UnLIT: Minimising the Lost in Translation Effect

What it means

Academically, the “lost in translation” effect is the loss of specific nuances from one piece of work when it is translated into another language.

Each language has its own tone and rhythm, its own emphasis and priorities, and its own underpinnings. Even its their own idiosyncrasies. All of these combine to give each language a distinct flavour and nuance. These nuances are intrinsic to the language and cannot be replicated in other languages. Faced with such a word, translators must be content to use the best possible alternative that conveys the sentiment of the original.

What we do

Medianation LLP focusses on factors affecting communication in the same language. This can come about due to two reasons.

The first is when people with similar language skills have a difference in perception. This creates differences in priorities and emphasis, and other subtle intangibles present in the process of communication. Ultimately, the little things add up to reveal that two people who thought they were on the same page are in fact, at opposite ends of the metaphorical book.

The other, bigger reason is that people are often unfamiliar with the language. Such individuals usually end up translating their intent of their messages from their mother tongue. The resulting translation can lead to miscommunication, or restrict understanding.

This effect is especially prevalent in India, where many employees are first-generation English speakers.

India-specific problem

Within these, there are two categories. People with weaker English skills require additional explanation to understand what they are being told. But those with better English skills have a different problem. They understand what they are being told, but fail to grap the implications of what is being said.

The first category creates a known, identifiable barrier to communication that you can overcome by switching to another language, but the second category of individuals is harder to crack. Their grasp of English creates the illusion that they have understood what is being said, but in truth, they remain unsure of expectations. This means they are able to express agreement to a plan, but prove incapable of taking independent action if the need arises. Why? Because although they have understood what you said, they have not understood how they should react to what you said.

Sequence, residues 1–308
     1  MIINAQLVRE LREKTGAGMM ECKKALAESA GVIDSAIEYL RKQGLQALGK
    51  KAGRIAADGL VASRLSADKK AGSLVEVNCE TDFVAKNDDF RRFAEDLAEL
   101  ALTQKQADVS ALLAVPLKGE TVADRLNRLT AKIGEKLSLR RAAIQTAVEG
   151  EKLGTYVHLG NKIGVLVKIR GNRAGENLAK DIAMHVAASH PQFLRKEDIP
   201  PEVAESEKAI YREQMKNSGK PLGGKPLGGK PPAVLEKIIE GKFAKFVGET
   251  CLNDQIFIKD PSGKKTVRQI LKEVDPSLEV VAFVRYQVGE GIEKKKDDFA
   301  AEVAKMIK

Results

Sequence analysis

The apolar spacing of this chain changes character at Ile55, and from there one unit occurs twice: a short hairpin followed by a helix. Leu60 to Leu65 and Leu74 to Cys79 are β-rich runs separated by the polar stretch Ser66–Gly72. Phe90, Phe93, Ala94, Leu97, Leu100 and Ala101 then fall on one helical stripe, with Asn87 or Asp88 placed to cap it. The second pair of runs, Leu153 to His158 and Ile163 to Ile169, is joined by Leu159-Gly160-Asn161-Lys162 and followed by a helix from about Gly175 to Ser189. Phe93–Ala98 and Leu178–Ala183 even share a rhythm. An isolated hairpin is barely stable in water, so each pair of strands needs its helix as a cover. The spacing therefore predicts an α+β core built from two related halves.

The only way to solve problems arising with the second category is to structure your communication, break it down into simple steps and simplify what you are saying. And repeat the exercise a few times, for best results. These people don’t really have an English language problem. (What to know what problem Medianation LLP diagnoses it as? Get in touch!)

Closing words

Thus, Lost in Translation comes about because of a difference in priorities and emphasis, and other subtle intangibles present in the process of communication.

It is a highly subjective, extremely subtle metric that explains the difference between what is felt to have been conveyed and what is understood to have been conveyed.

Medianation LLP focusses on ways to minimise this lost in translation effect. We believe communication is not about what we say, it is about what our audience understands. And our content is developed ground-up, keeping this point in mind.

Ground-up Approach

27 September 2017

It's Good to be Correct, Better to be Understood

27 September 2017